Hollywood should rewrite male roles for women, feels Clooney

13 Sep 2015 | Author: | No comments yet »

Movie is called Our Brand Is Crisis but Clooney, Bullock handle press like pros at TIFF.

Sandra Bullock reunited with her ‘gravity’ co-star George Clooney and was seen having a great time on the second day of the 40th Toronto International Film Festival.“There is only one ‘wrong’ here and that is losing!” shouts Sandra Bullock at a room of uncomprehending flunkies in her latest role as a political pugilist handling a tricky campaign.

The 51-year-old actress, who wore a black cut-out dress, was looking stunning at the premier of her upcoming film ‘Our Brand Is Crisis’, held at the Film Festival, as she walked on the carpet alongside the ‘Ocean’s Eleven’ actor, who looked equally stylish at festival, the People magazine reports. Brought out of an early retirement from the world of polls and focus groups, her character is “a fighter who is being given another shot at the title”. Through it all, the 51-year-old Virginian has maintained a remarkably healthy sense of humour and shown herself to be responsible, sensible and quick to crack a joke. Helmed by David Gordon, the forthcoming film, which also stars Billy Bob Thornton, Zoe Kazan and Anthony Mackie, will hit the U.S. theaters on Oct. 30, 2015. Certainly the hard-bitten skulduggery she displays in the film, which premiered on Friday night, is nothing like the winsome antics once associated with a star formerly known to the world as Miss Congeniality.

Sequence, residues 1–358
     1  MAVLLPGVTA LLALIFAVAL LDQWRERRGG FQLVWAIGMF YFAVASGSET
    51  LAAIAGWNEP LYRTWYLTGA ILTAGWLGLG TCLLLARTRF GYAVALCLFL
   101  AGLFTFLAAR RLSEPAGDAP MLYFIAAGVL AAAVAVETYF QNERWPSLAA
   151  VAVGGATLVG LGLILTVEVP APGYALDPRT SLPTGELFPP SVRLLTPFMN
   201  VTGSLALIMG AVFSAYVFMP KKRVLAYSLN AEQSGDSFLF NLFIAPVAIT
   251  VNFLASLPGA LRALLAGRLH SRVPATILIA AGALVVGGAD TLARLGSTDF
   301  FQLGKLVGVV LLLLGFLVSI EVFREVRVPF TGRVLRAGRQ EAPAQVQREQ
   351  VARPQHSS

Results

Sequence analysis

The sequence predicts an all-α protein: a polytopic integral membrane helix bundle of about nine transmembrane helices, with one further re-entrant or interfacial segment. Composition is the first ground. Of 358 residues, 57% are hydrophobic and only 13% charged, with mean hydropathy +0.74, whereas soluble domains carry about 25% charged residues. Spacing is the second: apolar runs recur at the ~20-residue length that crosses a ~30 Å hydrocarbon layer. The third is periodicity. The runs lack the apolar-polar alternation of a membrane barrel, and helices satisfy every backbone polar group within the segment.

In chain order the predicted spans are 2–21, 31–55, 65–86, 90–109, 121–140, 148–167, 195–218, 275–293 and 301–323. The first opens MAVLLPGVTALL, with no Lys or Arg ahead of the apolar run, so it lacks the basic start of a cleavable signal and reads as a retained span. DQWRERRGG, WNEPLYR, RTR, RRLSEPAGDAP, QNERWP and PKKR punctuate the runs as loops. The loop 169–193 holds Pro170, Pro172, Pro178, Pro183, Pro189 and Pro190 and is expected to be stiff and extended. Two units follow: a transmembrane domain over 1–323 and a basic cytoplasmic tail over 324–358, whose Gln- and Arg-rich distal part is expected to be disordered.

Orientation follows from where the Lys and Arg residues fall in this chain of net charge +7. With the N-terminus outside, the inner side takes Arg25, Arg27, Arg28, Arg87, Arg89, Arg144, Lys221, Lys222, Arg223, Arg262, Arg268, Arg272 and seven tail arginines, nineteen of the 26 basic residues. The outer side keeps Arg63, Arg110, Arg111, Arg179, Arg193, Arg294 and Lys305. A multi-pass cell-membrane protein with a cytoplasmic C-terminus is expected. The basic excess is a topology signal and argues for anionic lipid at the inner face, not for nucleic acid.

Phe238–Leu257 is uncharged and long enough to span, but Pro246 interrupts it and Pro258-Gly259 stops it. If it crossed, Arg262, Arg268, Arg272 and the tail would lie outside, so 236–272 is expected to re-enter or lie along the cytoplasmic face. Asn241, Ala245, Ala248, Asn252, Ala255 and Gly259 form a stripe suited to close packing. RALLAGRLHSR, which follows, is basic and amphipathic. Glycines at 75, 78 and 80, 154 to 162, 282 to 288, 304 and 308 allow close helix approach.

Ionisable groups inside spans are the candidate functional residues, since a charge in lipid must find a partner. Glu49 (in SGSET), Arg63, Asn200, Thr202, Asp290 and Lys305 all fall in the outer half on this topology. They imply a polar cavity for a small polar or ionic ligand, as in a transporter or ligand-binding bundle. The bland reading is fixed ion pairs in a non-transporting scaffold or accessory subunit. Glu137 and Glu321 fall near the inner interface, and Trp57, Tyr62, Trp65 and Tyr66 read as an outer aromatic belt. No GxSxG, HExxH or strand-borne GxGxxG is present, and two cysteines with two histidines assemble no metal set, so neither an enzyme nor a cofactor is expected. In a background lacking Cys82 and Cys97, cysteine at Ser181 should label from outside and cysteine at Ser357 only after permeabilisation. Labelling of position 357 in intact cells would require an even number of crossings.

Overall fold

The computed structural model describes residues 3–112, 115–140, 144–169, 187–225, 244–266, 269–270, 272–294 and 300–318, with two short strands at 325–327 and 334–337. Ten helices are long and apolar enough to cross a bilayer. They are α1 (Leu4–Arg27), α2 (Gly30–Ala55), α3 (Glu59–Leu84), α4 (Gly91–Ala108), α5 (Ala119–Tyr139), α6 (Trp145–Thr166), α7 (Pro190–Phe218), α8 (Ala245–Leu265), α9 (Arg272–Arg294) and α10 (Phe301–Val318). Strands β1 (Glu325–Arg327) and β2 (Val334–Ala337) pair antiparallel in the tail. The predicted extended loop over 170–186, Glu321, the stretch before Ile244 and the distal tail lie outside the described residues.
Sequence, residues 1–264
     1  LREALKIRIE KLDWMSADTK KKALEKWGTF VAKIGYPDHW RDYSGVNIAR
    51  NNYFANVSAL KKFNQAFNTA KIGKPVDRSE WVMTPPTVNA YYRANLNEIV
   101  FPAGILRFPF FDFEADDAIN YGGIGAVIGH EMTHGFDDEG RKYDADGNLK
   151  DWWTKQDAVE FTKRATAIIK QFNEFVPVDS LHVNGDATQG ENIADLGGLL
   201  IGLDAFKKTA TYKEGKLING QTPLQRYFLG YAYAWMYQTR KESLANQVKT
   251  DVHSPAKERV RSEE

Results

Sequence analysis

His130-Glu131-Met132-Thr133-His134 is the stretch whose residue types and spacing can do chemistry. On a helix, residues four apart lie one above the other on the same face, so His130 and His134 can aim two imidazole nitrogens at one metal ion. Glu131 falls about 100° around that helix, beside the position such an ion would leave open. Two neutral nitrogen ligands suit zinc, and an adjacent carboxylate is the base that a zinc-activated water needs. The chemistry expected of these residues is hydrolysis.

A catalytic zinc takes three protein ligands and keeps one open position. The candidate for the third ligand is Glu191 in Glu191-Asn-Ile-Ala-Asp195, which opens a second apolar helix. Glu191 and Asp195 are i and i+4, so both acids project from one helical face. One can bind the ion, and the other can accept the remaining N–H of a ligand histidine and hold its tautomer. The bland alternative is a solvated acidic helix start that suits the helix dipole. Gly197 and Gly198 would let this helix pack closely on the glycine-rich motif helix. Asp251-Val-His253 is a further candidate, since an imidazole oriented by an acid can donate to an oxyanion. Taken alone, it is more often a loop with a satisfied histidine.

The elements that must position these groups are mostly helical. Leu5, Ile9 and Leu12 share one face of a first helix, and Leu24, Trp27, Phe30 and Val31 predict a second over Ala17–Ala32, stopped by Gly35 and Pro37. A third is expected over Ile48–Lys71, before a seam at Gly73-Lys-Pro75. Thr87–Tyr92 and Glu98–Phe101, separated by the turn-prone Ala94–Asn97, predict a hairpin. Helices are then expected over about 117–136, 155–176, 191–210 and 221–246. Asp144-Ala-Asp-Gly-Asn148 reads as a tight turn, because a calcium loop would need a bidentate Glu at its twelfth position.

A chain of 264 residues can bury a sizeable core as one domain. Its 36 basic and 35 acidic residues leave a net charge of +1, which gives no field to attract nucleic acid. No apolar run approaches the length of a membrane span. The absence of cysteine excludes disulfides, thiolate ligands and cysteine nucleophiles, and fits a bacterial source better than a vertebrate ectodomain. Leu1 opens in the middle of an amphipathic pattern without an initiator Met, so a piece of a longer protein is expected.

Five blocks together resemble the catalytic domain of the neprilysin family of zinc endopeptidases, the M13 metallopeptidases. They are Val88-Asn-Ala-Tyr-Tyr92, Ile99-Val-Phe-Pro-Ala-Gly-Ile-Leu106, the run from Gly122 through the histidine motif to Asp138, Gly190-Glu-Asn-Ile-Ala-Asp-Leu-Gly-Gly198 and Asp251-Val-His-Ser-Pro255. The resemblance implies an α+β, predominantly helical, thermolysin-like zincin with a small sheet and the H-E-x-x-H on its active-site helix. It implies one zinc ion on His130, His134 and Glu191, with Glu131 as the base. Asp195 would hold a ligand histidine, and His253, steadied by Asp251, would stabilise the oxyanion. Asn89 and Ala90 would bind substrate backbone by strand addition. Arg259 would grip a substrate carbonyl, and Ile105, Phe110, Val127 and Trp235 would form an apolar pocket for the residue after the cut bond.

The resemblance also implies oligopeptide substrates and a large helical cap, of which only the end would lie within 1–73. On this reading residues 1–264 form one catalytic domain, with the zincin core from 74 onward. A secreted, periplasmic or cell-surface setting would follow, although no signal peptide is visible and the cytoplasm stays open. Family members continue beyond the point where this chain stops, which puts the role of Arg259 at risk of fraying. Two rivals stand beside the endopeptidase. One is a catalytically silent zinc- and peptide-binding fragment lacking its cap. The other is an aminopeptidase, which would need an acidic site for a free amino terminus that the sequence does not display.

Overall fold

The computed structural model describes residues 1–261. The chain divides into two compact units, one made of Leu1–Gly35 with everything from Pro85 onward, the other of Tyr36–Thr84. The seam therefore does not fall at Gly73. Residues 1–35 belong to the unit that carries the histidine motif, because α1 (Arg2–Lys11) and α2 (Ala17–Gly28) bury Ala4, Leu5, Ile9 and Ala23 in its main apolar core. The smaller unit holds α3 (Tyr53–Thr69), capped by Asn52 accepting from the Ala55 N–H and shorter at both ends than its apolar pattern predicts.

What I want for the future [is] more of the same but if it doesn’t happen there will be a good reason for it.” Earlier this month, Us Weekly exclusively revealed that Bullock is dating a new man, hot photographer Bryan Randall. That stamp of cuteness has been replaced with a knack for political chicanery and media strategy in a film that marks the next step in Bullock’s long career at the top of the film business. The two were first spotted together at Jennifer Aniston and Justin Theroux’s wedding in August, and have been keeping a low profile in Hollywood since then. Bullock, who plays a political spin doctor in Our Brand Is Crisis, which is produced by her longtime pal and Gravity costar George Clooney, added that she identified with her on-screen character because she was so “human.” “She’s struggling with mental illness, she’s struggling with addiction, she’s trying to take herself off the carousel once and she gets pulled back in because of an addictive need to win,” she said of her character, “Calamity” Jane Bodine. “That’s in all of us and those of us who don’t have it have been through enough journeys in life and enough hardships to come out on the other end and realize that’s not what life is about,” she added. “I look at things and think, ‘What am I going to leave behind for my son [Louis]? What things do I want to say that I want to parlay to him in what I feel about the world, and how I want the world to be?’” “I’ve been on the floor and I’ve been heartbroken,” she told The Mirror in 2013. “I didn’t know how I was going to stand up.

Clooney said, “Clearly what he said is idiotic, of course it’s idiotic, but I think we’re trying not to get into American or Canadian or anybody’s politics at a press conference because it ends up just being about that suddenly. Bullock agreed and there were plenty of other subjects to address, from her working relationship with longtime pals Clooney and Heslov (“We disagree well,” she said, as Clooney added, “We fight fair”) to a status update on her life and roles for women.